The impact of sequestration on research

During this busy campaign season, you may have heard politicians bandy about the term sequestration. Here, we’ll try to demystify sequestration and what it could mean for you, your research and your job.

At the end of the deficit and debt ceiling debate in the summer of 2011, Congress passed the Budget Control Act (BCA) which mandated a super-committee of legislators come up with at least $1.2 trillion in spending cuts to address our ballooning national debt. The BCA also authorized that if the super-committee failed, sequestration, or across-the-board budget cuts, would go into effect cutting the necessary amount from the federal budget. Sequestration was designed to cut discretionary spending (NIH, defense, roads) while leaving mandatory spending (Medicare, Medicaid, and Social Security) largely untouched. As you may know, the super-committee did fail, and now the government is staring down the barrel of sequestration.

Before going on recess at the end of August, Congress passed a law that compelled the Obama administration to publish its plans for sequestration. Today, the administration’s Office of Management and Budget (OMB) released its plan, and it paints a pretty grim picture for biomedical research. The NIH and NSF would each sustain an 8.2% cut to their budgets which would amount to a reduction of roughly $2.5 billion and $460 million, respectively. These cuts would undoubtedly result in fewer grants awarded, a significant number of science jobs lost, and the delay of crucial treatments and cures. In fact, in the introduction to today’s report, OMB even stated that, due to sequestration, “The National Institutes of Health would have to halt or curtail scientific research, including needed research into cancer and childhood diseases.”

While these cuts would be bad for the biomedical research community, other groups are putting pressure on Congress that could devastate biomedical research even further. Members of the defense community have lobbied hard to have the Department of Defense (DoD) exempted from sequestration. Should they succeed, the cuts to biomedical research would have to more than double in order for the government to comply with the BCA. This is not an existential threat—the House passed H.R. 6365 this past Thursday which would exempt DoD from sequestration. While this bill is not law and it is not expected to become law, the bill had widespread support from House Republicans, which could spell trouble for future bills that look to cut DoD expenditures in an effort to achieve the cuts authorized by the BCA.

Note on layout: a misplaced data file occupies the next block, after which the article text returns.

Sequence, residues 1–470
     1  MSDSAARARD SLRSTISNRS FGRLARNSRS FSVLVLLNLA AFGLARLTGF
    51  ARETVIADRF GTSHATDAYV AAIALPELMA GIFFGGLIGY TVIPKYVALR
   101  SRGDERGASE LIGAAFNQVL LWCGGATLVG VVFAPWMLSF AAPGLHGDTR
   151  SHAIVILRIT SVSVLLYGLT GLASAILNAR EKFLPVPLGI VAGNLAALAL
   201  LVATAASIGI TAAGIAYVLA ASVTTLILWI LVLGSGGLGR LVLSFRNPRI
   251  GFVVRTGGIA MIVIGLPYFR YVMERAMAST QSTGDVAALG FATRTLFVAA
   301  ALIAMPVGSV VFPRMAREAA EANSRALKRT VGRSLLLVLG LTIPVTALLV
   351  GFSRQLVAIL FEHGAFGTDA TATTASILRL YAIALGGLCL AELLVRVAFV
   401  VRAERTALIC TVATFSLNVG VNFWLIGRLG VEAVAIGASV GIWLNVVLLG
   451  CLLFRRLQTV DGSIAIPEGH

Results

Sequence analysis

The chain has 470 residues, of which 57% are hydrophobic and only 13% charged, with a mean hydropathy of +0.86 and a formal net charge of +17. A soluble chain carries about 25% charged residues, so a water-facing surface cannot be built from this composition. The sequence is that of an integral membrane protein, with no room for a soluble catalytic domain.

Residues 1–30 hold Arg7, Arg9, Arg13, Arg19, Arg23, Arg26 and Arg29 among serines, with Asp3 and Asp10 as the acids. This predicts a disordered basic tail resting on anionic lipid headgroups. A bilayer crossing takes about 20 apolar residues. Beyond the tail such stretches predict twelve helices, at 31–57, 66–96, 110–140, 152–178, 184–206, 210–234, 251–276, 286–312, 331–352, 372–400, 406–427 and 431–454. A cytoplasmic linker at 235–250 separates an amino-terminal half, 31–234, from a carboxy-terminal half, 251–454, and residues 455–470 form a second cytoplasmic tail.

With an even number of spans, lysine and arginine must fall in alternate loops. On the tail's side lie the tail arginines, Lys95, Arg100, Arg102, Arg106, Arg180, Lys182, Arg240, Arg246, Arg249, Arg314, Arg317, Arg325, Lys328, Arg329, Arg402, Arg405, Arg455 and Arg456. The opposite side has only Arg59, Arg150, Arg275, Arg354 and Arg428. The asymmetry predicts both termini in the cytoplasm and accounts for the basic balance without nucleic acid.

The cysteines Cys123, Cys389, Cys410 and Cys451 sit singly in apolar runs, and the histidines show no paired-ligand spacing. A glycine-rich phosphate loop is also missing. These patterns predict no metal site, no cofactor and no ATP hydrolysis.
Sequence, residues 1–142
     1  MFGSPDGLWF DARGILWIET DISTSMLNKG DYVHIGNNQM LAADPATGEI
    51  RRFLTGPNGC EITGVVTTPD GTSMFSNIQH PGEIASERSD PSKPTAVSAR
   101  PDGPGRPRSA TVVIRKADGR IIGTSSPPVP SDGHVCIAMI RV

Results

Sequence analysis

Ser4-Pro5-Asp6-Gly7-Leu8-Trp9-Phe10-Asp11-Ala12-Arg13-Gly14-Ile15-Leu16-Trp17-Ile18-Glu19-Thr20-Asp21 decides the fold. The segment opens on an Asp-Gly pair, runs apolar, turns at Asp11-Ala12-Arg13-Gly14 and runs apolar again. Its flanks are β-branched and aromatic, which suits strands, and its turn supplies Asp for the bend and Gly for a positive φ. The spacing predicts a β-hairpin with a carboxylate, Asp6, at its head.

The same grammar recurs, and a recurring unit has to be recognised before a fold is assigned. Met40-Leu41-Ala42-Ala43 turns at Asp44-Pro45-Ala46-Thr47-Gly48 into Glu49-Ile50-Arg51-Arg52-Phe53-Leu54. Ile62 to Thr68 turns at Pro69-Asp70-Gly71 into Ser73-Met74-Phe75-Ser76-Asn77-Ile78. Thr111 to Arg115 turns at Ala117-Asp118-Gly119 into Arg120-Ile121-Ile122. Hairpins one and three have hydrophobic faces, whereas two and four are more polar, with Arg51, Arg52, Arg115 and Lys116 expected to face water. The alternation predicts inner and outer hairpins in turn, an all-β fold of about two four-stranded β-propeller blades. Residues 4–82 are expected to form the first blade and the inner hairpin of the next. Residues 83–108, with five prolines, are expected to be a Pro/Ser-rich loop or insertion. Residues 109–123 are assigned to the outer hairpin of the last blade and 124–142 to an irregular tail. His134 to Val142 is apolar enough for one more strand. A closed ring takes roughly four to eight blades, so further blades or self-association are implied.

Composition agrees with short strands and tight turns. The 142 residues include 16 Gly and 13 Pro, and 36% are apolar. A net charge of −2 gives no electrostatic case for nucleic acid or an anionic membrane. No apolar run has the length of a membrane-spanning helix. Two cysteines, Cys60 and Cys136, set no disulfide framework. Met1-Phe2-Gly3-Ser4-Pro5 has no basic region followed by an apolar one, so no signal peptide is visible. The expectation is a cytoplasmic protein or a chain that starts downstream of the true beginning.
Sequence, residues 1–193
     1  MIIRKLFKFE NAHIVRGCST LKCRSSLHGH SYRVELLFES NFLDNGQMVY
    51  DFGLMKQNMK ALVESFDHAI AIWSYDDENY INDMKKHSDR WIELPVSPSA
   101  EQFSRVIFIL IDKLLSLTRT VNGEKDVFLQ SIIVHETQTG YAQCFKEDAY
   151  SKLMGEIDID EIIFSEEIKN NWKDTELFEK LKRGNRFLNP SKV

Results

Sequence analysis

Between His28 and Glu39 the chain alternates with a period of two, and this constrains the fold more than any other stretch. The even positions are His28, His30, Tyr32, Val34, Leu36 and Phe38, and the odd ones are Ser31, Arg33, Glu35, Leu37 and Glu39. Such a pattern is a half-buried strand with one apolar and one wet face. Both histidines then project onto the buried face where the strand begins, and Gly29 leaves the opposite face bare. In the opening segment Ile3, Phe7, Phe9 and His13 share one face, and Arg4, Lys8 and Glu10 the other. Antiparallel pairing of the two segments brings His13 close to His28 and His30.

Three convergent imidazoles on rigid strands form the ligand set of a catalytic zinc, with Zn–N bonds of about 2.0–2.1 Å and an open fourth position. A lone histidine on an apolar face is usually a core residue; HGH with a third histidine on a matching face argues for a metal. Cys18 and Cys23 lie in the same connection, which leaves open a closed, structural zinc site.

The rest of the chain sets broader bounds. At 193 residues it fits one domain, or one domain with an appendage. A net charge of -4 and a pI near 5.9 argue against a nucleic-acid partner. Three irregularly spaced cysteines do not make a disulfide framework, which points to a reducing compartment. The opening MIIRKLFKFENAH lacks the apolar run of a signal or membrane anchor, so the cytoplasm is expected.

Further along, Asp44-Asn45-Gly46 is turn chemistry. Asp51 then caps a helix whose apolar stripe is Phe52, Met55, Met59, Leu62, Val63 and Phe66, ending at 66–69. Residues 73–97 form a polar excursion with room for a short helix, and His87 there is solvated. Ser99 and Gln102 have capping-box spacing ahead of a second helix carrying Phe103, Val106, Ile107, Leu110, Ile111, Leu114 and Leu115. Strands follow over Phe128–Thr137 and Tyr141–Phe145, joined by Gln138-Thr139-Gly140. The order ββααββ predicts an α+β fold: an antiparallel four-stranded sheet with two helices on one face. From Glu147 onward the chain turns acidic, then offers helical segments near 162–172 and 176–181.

Sequestration is scheduled to go into effect on Jan. 3, 2013. Since these cuts will be implemented before the next Congress or President are sworn in, the current Congress and President must act to prevent sequestration. Luckily, there is still time to an agreement that averts these devastating cuts. That means that there is also time for YOU to make your voice heard. Make sure your representatives know what you think about impending cuts to the funding for biomedical research. Read through the ASBMB Advocacy Toolkit to find out how to be an effective advocate and contact Ben Corb to find out how ASBMB can help you make your voice heard!

UPDATE: In addition to the $460 million to be cut from the NSF Research budget, an additional $110 million will be cut from other parts of NSF due raising the total amount of NSF funds lost due to sequestration to $570 million.

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8 thoughts on “The impact of sequestration on research

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